he returned to that country, I think some advantages can be gained. Your two regiments have been ordered back to you from North Carolina, and I presume have reached you before this. One of Marshall's has also been returned to him. The other probably may be detained where it is. With Marshall in Kentucky, in front of the approaches by Pound Gap, you closed down toward the Sandy, and Imboden in the northwest, I fear no advance toward Lewisburg or the Virginia and Tennessee Railroad, and a regiment or two sent across from that portion of your line to join Imboden at Monterey, or some other designated point, I should think would be attended with little or no risk. We have got to operate boldly but prudently, if we desire to accomplish anything. If you cannot, however, part with any of your troops, I would recommend you concentrate them, and strike at some assailable point; you might accomplish much in that way. There is no better way of defending a long line than by moving into the enemy's country.
Write at least to Imboden, and tell him what you can do, and if you cannot co-operate with him in the northwest, you might concert with him some plan, capable of simultaneous execution on your part, by which the operations of each might be advanced and greater success attained. I hope you will be able to strike them a damaging blow somewhere this summer, so as to open that country to us, for a time at least, that we may communicate with our friends, and obtain all the men and subsistence we can bring out.
I am, with great respect, your obedient servant,
R. E. LEE,
HEADQUARTERS ARMY OF NORTHERN VIRGINIA,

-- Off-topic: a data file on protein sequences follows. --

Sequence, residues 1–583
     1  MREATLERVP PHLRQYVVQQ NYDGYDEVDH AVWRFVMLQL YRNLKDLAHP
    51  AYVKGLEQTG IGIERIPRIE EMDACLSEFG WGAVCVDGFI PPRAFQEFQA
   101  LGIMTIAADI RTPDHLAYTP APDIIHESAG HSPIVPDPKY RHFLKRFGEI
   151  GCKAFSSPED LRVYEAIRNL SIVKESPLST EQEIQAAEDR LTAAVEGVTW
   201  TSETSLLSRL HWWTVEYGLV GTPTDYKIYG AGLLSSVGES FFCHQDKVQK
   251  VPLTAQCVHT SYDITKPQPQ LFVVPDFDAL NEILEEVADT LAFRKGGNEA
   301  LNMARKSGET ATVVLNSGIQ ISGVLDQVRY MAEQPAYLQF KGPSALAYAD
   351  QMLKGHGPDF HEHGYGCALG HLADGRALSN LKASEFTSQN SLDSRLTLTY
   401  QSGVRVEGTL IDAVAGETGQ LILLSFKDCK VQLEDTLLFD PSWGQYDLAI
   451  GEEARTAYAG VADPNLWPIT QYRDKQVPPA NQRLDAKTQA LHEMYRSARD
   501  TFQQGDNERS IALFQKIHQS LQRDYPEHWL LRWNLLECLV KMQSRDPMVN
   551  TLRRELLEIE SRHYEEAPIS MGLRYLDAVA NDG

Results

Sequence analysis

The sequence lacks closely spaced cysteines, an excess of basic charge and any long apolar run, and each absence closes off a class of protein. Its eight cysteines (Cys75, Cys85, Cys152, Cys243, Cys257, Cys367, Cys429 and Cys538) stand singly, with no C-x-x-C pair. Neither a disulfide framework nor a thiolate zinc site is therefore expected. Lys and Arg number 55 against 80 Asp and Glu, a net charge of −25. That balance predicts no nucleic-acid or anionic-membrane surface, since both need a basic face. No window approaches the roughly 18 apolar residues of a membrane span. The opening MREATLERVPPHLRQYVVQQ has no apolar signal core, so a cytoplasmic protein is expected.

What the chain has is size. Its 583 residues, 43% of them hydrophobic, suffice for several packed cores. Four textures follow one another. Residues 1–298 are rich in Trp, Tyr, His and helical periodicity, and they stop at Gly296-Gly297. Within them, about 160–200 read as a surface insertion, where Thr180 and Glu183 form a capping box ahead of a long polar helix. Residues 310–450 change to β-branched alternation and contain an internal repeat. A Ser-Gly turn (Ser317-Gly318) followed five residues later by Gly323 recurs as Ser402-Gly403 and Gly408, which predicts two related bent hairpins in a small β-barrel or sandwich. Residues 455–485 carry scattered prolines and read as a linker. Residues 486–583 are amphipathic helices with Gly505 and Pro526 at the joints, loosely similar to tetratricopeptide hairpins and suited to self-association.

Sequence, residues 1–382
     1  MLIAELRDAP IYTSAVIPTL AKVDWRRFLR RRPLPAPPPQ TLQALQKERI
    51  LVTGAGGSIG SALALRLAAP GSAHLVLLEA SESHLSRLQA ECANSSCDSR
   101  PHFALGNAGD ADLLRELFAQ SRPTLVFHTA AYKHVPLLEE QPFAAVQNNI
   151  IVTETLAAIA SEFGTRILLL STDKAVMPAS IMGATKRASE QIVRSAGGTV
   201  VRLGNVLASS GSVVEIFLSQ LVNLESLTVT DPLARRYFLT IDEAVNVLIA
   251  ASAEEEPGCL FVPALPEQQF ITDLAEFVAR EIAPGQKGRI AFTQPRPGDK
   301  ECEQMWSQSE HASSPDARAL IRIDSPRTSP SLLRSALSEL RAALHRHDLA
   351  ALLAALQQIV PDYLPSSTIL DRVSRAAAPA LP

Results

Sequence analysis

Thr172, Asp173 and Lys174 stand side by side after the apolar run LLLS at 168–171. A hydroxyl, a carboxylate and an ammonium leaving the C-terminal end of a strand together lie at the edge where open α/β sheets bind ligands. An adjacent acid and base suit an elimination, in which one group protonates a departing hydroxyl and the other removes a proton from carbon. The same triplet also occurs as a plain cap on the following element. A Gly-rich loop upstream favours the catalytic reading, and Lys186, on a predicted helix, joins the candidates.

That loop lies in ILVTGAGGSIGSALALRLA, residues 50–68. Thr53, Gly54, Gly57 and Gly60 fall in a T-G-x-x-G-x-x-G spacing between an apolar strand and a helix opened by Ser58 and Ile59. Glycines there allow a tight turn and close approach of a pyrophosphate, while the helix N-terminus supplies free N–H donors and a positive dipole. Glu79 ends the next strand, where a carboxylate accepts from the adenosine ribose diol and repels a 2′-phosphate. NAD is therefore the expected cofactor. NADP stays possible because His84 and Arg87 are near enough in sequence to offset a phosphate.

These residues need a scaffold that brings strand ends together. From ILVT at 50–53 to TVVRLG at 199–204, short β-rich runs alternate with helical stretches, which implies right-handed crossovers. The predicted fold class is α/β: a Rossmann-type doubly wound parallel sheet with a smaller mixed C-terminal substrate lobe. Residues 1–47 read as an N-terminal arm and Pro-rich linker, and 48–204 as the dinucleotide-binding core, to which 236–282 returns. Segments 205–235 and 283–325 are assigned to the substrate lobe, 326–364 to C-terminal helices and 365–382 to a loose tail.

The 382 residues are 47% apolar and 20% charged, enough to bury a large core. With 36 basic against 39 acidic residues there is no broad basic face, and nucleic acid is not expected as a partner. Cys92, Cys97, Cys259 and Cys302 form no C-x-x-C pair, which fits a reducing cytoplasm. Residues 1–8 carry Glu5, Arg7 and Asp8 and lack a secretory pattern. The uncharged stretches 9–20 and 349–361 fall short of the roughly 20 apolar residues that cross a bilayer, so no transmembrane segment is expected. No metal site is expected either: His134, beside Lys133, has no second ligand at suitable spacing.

March 21, 1863.
Brigadier General WILLIAM N. PENDLETON,
GENERAL: Your letter of March 19 has been received. I commend the arrangements which you so promptly made to guard against an attack from the enemy's cavalry. It will be well to keep a strict lookout at all times, and have guns always ready raking the roads and commanding the approaches to your encampments, as we may not be able to give you notice of every raid of the enemy through our lines early enough. Do not, however, distress your horses. With regard to the horses in the rear, it will be well to try and lay in a stock of forage, and send for them on April 1, if the weather is good; but if the weather and roads continue at that time in bad condition, you can defer bringing them up still longer. You can use your own judgment in this respect.
By a telegram from Major [John F.] Whitfield, it appears that the shipment of corn to Milford was stopped on 6th of March, by order of Colonel Myers. I suppose that was through an erroneous impression as to the position of the artillery. The shipment has, however, been resumed. While every exertion will be made to bring up full supplies of corn and hay, it will be well for the artillery officers to make personal efforts to get what they can around them. The half rations of wheat chop are an acceptable change to the horses, and, with the limited supplies of hay and corn, are within the limit allowed by the Department as the prices of rations.
You can send the bronze 6 pounders down at once, as Lieutenant